Moonrise Kingdom (2012)
by Steve Habrat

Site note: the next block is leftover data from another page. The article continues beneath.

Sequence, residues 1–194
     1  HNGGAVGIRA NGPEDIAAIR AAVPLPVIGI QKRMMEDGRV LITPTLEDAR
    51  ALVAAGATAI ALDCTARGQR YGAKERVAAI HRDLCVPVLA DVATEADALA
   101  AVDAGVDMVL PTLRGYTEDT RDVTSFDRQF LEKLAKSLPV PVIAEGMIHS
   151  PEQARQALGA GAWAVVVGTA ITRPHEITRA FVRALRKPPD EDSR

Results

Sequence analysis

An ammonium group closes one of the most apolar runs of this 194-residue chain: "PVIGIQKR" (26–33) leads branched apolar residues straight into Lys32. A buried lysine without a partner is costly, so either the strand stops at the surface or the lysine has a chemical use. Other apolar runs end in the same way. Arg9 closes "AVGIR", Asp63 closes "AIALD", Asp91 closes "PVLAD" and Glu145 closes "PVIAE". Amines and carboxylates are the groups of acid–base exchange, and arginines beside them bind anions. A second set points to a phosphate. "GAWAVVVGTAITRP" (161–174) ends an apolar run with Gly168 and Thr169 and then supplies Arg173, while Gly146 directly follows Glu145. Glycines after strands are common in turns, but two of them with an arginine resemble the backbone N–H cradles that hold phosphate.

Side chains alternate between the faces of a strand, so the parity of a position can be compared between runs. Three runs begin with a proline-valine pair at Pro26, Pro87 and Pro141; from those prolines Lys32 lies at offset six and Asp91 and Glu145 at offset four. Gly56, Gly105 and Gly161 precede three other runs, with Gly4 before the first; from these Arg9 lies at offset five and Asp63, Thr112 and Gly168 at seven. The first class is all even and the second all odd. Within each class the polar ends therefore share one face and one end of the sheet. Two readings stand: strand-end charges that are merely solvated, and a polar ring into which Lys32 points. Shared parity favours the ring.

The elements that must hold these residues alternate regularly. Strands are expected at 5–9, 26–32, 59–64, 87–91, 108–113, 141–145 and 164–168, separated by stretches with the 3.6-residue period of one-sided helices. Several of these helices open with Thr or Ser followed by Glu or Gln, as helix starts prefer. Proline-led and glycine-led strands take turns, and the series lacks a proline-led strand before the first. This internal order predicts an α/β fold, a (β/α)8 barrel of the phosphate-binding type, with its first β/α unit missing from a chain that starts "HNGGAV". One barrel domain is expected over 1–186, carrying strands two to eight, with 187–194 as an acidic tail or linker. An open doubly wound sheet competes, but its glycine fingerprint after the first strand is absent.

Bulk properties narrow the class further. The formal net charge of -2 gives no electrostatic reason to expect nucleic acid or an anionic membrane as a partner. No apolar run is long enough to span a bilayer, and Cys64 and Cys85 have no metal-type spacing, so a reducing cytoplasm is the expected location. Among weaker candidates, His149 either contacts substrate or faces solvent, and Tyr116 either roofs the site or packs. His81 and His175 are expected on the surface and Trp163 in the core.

Up until yesterday, my favorite Wes Anderson film was 2004’s The Life Aquatic with Steve Zissou, the hilarious aquatic escapade that was one of Bill Murray’s finest hours. I think I may have a new number one pick. The hipster auteur’s latest quirky adventure Moonrise Kingdom could be his crowning achievement, one that has staggering amounts of feeling and emotion behind every single frame. If you were to just show someone Moonrise Kingdom without telling them who the director is, they would be able to figure it out at lightning speed just by the obsessive compulsive organization of every frame and the deadpan humor. This is perhaps Anderson’s most stylish film to date (yes, even more so than The Fantastic Mr. Fox), yet Anderson’s work has always been plagued by style threatening to overtake the narrative but not in Moonrise Kingdom. Along with screenwriter Roman Coppola (son of Godfather director Francis Ford Coppola), Anderson crafts a fragile tribute to young love and innocence that will slowly take over you for the hour and forty minutes that it inhabits the movie screen. It is a love story that could only be told by Anderson himself and no one else.